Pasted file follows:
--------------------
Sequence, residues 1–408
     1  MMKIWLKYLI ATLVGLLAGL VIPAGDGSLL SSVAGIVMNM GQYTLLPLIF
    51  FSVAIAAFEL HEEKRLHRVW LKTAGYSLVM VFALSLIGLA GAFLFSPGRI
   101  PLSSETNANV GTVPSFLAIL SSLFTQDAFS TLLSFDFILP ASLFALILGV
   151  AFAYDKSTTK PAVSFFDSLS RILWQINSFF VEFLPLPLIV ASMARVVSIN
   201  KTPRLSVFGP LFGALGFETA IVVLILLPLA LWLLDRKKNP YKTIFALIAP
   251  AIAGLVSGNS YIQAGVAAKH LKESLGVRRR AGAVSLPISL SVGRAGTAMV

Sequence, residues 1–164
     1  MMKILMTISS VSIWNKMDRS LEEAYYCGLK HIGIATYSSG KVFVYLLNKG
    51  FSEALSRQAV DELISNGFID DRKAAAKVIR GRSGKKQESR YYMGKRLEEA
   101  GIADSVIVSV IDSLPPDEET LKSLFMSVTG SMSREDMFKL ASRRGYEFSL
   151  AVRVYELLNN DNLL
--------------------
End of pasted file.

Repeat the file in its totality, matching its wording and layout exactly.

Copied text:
Sequence, residues 1–408
     1  MMKIWLKYLI ATLVGLLAGL VIPAGDGSLL SSVAGIVMNM GQYTLLPLIF
    51  FSVAIAAFEL HEEKRLHRVW LKTAGYSLVM VFALSLIGLA GAFLFSPGRI
   101  PLSSETNANV GTVPSFLAIL SSLFTQDAFS TLLSFDFILP ASLFALILGV
   151  AFAYDKSTTK PAVSFFDSLS RILWQINSFF VEFLPLPLIV ASMARVVSIN
   201  KTPRLSVFGP LFGALGFETA IVVLILLPLA LWLLDRKKNP YKTIFALIAP
   251  AIAGLVSGNS YIQAGVAAKH LKESLGVRRR AGAVSLPISL SVGRAGTAMV

Sequence, residues 1–164
     1  MMKILMTISS VSIWNKMDRS LEEAYYCGLK HIGIATYSSG KVFVYLLNKG
    51  FSEALSRQAV DELISNGFID DRKAAAKVIR GRSGKKQESR YYMGKRLEEA
   101  GIADSVIVSV IDSLPPDEET LKSLFMSVTG SMSREDMFKL ASRRGYEFSL
   151  AVRVYELLNN DNLL